Praise your child. You don’t want to come off as insincere and compliment everything they do at every turn. This will backfire, particularly for children who have lower self-esteem and don’t accept compliments easily. But you can make a point of letting your child know when they did a good job or that something they did caused you to feel joy or pride in them. We are so often quick to criticize—if only to help our children improve—but well-deserved praised can be very meaningful and heartfelt.

Involve your teen in discussions. Ask your child for their opinion and show them what they think matters. Whether you’re discussing the news or where to go for lunch, seek their thoughts and encourage them to voice their opinions. Teenagers tend to have lots to say and showing them you value what they think will go a long way toward building their self-esteem.

Offer constructive criticism. Rather than putting your child down or making them feel ashamed of their mistake, think about how you can frame it in a more positive light. For instance, rather than telling them how disappointed you were in their test result, let them know that this is a good starting point and that if they spend a little extra time studying, you know the next mark will be better.

​Teach them you have faith in their abilities. Help them set goals and achieve them. Rather than focus on the negative, teach them how to reframe it in a positive way.

Encourage your teen to discover their interests and talents. There’s no better way to feel good about yourself than when you’re doing something you enjoy and at which you excel. Finding that hobby or talent can be tricky, but don’t give up if they don’t find it right away.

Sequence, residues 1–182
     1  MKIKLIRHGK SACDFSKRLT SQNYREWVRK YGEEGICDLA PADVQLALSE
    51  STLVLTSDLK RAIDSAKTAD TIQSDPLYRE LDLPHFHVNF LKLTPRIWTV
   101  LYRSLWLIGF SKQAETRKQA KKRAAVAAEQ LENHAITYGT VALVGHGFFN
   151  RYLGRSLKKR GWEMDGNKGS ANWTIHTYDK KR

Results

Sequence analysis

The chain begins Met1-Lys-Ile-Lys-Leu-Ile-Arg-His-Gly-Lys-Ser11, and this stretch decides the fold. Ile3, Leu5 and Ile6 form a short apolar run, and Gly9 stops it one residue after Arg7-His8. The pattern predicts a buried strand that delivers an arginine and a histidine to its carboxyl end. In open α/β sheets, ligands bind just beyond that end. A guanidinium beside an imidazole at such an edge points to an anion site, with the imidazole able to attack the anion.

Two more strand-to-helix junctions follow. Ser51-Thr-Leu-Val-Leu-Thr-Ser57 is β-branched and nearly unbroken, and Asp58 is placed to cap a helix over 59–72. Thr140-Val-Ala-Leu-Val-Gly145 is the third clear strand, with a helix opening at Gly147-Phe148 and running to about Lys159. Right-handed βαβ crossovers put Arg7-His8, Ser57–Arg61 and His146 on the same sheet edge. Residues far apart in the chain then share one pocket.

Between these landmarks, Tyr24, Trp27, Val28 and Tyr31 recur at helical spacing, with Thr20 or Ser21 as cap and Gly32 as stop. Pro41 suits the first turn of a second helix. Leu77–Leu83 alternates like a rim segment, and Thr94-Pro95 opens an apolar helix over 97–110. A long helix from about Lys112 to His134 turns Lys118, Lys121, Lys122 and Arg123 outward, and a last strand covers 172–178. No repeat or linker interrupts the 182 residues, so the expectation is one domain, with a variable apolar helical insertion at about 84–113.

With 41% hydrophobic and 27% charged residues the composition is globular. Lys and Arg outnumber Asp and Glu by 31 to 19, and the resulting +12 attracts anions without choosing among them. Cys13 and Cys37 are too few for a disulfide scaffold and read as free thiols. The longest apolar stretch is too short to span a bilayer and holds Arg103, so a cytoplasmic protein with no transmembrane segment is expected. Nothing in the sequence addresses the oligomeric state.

​Have them try something new, play with them, say “yes” if they come to you with an idea of their own. This is also a great way to make like-minded friends, expand their skills and even get some exercise if sports is what they enjoy.

Teach your child to practice making positive statements about themselves. It’s so easy to get down on yourself. Too often, we find ourselves saying negative things about ourselves. Teens in particular might tell themselves they are “uncool,” “unlikeable,” “unattractive” or “not smart enough.” This will only harm their self-esteem and can lead to depression and anxiety.

​It’s so important to encourage our teens to practice saying positive things about themselves and to look at situations in a more positive light. For instance, rather than allowing your teen to be upset that their team lost the baseball game, encourage your teen to think about all they fun they had playing. Remind them that they tried their best and that their next game represents a whole new opportunity to have fun, try hard, and maybe even win.

Remind your child that everyone is good at different things. It’s easy for teens to compare themselves to other teens. They tend to notice if others are better at them in certain subjects and feel bad about themselves in comparison.

​Encourage your teen to think about all the things they do well. Let them know it’s great for them to be proud of their friends for their accomplishments. Their friend is sure to compliment them right back when your child excels at something else. This is a great way to spread the goodwill and ensure your child and their social group becomes supportive, rather than competitive.

View mistakes as valuable. We can’t excel at everything and be our best all the time. Sometimes we make mistakes or experience a failure of some sort. If your child is feeling down, encourage them to view mistakes as learning opportunities. What do they think went wrong? How can they improve or act differently to have a more positive outcome next time?

​Growing up is about making mistakes and learning from them. It’s how you progress. Let your teen know you’re proud of them for trying and for learning from their mistake.

Self-esteem is very important and we all want our teens to grow into adults who think positively about themselves and can be happy with their place in the world. With these tips, you’re sure to get your teen off to the best possible start.

March 1st, 2018

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Develop Your Teenager’s Moral Code

[pullquote align=”full” cite=”” link=”” color=”” class=”” size=””]“Even as kids reach adolescence, they need more than ever for us to watch over them. Adolescence is not about letting go. It’s about hanging on during a very bumpy ride.”[/pullquote]